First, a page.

The crew of Expedition 66 turn their attention to the US space freighter Cygnus as it nears its departure this weekend after 100 days docked at the station’s Unity module. Astronauts are also preparing for a spacewalk to replace a faulty antenna system on the International Space Station.
">Nasa Astronauts Thomas Marshburn, Raja Chari and Mark Vande Hei spent Wednesday afternoon packing Cygnus with trash and obsolete equipment. ESA (European Space Agency) astronaut Matthias Maurer continued loading the cargo on Thursday. He will be at the robotic workstation to monitor his departure on Saturday at 11 a.m. EST. Robotic controllers remotely operating the Canadarm2 robotic arm from Earth will command Cygnus’ release live on NASA TV from 10:45 a.m.
Cygnus will have one more mission as he re-enters Earth’s atmosphere for fiery but sure destruction over the Pacific Ocean. The Kentucky Re-entry Probe Experiment will deploy three Cygnus capsules to collect and transmit thermal data from sensors embedded in heat shields. The data can help validate thermal protection systems in space and heat shield materials on Earth.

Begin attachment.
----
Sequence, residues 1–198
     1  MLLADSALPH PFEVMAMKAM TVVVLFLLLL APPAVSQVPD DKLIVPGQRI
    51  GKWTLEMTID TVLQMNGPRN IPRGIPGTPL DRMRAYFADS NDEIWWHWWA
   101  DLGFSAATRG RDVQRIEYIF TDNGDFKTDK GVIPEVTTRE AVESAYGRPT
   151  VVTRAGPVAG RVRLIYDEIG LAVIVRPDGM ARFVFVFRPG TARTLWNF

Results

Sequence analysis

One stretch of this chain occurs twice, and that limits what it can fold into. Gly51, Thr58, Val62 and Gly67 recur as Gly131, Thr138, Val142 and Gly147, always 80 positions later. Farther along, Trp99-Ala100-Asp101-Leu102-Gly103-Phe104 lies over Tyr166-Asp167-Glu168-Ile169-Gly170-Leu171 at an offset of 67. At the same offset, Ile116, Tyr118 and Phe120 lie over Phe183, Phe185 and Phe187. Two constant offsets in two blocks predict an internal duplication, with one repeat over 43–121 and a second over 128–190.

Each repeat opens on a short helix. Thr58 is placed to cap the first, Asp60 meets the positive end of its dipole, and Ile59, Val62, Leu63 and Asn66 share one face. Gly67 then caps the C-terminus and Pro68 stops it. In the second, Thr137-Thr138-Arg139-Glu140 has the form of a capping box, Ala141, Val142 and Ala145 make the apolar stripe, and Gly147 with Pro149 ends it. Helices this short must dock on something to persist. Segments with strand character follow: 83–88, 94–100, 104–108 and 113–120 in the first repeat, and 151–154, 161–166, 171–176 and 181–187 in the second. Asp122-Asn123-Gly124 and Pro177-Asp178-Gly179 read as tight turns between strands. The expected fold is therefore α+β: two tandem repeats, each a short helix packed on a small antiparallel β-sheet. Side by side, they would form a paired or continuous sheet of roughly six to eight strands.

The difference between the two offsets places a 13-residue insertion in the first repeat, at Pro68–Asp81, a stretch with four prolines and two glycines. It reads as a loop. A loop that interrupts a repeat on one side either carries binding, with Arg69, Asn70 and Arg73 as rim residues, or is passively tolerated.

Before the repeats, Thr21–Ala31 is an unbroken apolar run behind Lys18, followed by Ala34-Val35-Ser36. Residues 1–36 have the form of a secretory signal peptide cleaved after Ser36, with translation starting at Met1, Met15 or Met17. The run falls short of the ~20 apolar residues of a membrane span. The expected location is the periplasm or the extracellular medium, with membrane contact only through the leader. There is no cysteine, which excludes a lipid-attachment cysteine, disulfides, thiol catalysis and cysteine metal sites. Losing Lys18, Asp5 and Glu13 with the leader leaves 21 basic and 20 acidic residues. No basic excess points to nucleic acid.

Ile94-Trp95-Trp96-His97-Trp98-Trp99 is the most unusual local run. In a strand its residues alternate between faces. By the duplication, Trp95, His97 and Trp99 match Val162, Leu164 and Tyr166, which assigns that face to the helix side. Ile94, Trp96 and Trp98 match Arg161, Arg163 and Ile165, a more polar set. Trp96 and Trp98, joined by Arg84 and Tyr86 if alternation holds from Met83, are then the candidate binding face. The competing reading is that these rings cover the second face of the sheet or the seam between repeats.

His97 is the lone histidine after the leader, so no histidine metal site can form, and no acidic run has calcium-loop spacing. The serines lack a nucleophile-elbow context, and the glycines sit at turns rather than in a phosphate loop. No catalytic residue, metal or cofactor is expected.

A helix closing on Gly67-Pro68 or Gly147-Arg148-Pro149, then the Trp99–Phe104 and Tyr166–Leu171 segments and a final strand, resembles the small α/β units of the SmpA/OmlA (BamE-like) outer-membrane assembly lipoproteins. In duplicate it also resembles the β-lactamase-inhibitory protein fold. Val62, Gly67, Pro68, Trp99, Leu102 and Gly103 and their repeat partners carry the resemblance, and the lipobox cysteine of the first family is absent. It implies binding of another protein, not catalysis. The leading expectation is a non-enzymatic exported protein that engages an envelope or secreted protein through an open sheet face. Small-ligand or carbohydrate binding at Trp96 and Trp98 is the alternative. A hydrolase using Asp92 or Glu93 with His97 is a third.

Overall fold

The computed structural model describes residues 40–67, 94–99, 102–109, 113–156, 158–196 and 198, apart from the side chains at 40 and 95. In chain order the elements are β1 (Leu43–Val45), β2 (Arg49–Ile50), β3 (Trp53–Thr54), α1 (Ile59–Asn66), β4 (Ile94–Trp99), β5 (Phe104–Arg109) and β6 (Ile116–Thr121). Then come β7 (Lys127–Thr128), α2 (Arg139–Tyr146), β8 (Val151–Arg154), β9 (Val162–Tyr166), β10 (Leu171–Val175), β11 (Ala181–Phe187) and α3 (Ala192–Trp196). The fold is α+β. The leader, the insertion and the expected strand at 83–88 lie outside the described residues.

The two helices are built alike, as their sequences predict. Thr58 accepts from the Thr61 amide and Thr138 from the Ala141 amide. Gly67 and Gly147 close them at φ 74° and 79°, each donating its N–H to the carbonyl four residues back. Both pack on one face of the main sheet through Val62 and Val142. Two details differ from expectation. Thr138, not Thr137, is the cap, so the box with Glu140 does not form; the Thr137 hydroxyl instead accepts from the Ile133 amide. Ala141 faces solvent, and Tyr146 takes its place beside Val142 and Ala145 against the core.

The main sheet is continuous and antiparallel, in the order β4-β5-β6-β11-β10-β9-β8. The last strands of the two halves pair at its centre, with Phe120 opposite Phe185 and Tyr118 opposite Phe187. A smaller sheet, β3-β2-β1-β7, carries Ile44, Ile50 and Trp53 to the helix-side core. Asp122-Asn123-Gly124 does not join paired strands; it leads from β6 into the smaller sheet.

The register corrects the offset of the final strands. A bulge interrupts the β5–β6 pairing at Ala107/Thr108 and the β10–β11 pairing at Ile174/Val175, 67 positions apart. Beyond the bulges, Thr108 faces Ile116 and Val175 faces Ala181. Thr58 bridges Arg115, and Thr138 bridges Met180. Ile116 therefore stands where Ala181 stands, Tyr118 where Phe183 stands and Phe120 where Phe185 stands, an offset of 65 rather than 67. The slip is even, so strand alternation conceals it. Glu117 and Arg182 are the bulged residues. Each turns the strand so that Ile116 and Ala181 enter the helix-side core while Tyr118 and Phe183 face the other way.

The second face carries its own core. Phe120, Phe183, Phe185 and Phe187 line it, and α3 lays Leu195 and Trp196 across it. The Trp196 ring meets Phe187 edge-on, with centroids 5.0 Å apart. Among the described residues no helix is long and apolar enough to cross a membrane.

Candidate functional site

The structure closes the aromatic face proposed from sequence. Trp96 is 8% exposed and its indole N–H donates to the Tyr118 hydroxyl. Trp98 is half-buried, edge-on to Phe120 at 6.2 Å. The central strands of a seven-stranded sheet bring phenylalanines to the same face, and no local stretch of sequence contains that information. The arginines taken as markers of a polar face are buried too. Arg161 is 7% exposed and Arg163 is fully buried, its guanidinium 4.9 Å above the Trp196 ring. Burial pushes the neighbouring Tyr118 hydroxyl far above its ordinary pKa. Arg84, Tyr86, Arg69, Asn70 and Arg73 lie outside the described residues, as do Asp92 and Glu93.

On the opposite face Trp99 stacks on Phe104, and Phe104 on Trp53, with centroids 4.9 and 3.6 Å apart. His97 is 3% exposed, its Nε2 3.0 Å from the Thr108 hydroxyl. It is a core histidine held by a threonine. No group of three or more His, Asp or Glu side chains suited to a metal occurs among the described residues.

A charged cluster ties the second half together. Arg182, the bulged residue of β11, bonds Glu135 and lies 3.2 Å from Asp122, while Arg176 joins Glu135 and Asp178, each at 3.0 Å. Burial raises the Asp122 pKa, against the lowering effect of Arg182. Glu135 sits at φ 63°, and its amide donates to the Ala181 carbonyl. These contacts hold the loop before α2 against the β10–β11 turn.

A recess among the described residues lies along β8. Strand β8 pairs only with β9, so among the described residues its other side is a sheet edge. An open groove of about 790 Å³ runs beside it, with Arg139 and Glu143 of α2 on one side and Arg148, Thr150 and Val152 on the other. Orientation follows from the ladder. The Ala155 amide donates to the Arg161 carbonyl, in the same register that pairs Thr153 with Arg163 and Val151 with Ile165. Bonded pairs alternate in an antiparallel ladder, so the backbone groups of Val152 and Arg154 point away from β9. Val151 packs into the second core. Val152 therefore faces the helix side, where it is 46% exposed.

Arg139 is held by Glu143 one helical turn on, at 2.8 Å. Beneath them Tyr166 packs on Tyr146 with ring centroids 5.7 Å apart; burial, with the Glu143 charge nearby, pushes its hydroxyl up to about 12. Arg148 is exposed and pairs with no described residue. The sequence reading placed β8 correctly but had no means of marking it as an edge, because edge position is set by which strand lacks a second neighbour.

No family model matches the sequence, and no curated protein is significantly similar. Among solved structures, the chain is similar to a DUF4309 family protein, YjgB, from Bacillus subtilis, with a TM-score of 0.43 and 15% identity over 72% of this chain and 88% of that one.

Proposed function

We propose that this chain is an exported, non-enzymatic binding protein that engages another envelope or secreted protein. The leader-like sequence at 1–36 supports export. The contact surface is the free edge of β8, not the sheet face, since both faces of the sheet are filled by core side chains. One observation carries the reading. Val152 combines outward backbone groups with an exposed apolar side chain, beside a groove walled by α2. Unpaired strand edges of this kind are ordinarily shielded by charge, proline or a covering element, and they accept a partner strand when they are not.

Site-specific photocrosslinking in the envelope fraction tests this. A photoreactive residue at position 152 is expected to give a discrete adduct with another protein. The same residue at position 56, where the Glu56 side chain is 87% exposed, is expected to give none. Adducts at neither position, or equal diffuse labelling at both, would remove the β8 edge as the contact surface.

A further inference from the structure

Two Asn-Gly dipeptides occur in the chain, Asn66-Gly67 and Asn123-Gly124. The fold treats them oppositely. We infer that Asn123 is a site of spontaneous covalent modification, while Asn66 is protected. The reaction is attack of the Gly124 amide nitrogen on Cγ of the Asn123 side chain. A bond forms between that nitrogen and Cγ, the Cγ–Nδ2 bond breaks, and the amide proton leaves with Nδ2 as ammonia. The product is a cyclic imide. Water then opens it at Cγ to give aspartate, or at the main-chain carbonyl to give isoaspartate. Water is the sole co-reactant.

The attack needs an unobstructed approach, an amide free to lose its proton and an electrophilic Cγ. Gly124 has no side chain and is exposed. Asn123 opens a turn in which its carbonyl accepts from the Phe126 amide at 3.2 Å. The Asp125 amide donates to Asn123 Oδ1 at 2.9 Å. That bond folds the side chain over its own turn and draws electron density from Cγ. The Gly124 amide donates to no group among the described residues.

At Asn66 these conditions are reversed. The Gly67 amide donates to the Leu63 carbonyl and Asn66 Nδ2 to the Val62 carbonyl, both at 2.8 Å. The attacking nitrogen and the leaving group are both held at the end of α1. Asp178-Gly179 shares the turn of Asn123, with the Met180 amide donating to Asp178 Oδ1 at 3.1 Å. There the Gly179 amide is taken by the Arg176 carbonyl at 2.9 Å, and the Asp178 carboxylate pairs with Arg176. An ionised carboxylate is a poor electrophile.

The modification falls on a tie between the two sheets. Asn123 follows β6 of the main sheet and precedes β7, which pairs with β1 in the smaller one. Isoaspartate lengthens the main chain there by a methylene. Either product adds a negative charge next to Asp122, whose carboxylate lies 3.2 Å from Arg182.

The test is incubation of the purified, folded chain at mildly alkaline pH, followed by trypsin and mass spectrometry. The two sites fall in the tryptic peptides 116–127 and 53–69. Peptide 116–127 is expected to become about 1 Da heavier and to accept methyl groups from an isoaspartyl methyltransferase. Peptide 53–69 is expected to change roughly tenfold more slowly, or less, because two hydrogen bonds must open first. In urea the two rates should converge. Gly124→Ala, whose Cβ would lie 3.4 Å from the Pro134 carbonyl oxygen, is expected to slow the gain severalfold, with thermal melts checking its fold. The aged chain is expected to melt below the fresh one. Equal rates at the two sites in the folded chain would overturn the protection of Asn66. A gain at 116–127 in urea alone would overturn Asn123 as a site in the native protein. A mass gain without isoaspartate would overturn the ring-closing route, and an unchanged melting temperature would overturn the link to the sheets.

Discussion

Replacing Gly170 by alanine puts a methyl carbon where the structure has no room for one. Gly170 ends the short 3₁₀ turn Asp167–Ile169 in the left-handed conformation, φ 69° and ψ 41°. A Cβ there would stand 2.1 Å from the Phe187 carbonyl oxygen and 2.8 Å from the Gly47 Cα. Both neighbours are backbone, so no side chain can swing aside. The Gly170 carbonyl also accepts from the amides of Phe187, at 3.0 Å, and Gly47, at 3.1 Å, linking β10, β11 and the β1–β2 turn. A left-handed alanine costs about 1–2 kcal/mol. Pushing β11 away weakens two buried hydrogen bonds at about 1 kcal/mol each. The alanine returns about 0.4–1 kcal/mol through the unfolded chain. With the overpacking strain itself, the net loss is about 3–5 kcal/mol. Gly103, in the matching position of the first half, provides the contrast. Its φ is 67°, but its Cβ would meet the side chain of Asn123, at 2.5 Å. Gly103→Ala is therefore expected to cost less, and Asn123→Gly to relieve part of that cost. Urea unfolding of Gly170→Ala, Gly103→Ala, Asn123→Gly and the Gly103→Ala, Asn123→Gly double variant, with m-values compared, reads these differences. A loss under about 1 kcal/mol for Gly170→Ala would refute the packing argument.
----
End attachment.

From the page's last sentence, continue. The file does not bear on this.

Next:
Meanwhile, Marshburn and NASA flight engineer Kayla Barron must soon leave the US Quest airlock to exchange the S-Band antenna system with a spare already attached outside the station. Maurer will be in command of Canadarm2 to assist the duo during the scheduled six-and-a-half-hour spacewalk.
Marshburn and Barron were joined by NASA flight engineers Raja Chari and Mark Vande Hei inside Quest on Thursday as they try on their US spacesuits for a fit check. Chari and Vande Hei will be on duty to monitor the two astronauts during the spacewalk and help them get in and out of their space suits. A press conference to discuss spacewalk activities is scheduled for Monday, November 29.
Science was back on track Thursday with the crew exploring human research, botany and space physics. Chari and Barron tested how astronauts perceive up-and-down movement and grip and manipulate objects in microgravity. Vande Hei cleared the debris around the peppers growing inside the advanced plant habitat. Finally, station commander Anton Shkaplerov in Roscosmos exchanged samples inside the Microgravity Science Glovebox for a physics study aimed at improving the production of higher quality semiconductor crystals.